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Zero conditional

I was planning a lesson on conditional sentences and I came across a site that talked about types of conditional statement one of which is 'zero conditional.' It says this kind of conditional statement is used to express general truths or scientific facts in which one thing causes another. It also says that the verbs in both the conditional clause and the main clause in the statement should be simple present tense, e.g.

1. If people smoke cigarettes, their health suffers. 

Then, it says it is wrong to use the future 'will' in such a statement, e.g. 

2. If people smoke cigarettes, their health will suffer. (Considered wrong)

 

I am confused by that rule that using 'will' makes the sentence incorrect. Unfortunately, none of the grammar texts I have discuss anything like 'zero conditional'.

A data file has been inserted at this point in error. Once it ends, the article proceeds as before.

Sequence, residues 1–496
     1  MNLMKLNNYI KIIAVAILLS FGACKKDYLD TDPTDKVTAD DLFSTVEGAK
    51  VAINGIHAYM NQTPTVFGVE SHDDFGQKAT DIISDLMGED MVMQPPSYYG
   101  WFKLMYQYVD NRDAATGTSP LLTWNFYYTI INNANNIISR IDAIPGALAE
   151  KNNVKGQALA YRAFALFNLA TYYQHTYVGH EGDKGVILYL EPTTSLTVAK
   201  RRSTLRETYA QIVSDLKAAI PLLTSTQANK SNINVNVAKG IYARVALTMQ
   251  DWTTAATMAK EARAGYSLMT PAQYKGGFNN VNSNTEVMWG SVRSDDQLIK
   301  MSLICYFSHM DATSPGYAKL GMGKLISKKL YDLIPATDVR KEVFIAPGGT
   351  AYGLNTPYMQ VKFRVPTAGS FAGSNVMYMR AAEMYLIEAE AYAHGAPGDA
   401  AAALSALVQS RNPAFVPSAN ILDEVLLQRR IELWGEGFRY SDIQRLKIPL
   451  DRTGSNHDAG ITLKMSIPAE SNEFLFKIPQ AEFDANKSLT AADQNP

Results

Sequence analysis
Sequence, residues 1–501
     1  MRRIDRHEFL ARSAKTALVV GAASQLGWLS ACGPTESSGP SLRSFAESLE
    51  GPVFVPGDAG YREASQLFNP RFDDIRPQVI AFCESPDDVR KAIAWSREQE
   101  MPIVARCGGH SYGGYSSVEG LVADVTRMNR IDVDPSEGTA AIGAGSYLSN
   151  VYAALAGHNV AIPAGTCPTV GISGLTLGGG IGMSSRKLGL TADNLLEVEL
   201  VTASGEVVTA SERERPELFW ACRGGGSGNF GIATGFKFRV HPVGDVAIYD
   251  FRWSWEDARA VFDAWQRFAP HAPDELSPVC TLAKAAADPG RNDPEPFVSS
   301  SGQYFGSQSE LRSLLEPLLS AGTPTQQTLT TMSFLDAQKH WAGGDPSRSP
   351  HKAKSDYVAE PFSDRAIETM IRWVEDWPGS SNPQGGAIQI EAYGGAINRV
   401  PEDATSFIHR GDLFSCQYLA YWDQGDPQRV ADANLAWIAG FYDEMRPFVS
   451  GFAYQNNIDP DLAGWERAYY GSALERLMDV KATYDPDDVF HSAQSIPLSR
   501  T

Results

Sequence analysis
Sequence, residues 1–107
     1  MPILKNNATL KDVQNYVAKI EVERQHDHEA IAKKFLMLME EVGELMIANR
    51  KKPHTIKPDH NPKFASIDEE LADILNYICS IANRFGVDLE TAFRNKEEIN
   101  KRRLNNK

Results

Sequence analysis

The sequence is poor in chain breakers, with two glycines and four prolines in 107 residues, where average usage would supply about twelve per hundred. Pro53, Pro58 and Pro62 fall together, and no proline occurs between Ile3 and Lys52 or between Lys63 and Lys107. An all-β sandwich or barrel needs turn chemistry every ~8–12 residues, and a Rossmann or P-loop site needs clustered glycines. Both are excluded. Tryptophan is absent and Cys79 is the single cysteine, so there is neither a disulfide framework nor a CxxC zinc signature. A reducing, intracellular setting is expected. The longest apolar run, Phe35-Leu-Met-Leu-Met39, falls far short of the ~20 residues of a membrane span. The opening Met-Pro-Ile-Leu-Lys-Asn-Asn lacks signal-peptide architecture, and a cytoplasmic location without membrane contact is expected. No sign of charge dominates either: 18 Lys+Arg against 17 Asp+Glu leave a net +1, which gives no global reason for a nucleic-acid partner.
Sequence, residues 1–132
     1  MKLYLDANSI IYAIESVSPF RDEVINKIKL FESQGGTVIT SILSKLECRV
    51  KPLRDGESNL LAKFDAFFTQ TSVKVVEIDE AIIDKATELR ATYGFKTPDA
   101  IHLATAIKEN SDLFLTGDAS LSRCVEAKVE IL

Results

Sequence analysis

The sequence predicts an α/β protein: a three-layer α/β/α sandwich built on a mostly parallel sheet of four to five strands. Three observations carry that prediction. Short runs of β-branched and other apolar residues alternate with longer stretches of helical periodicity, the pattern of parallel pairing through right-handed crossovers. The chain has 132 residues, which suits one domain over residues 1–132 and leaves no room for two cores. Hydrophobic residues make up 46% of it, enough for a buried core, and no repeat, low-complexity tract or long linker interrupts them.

I'd like to know if the rule is true and if there are standard grammar texts to support it.  

Also, which of the following pair of examples is correct?

3a. If people go permanently blind, they will not see again. 

3b. If people go permanently blind, they don't see again.

4a. If you leave yam tubers in the soil for days, they will rot.

4b. If you leave yam tubers in the soil for days, they rot. 

 

Thanks so much. This page has been of great help to me since I was in university and now that I am teaching. 

 

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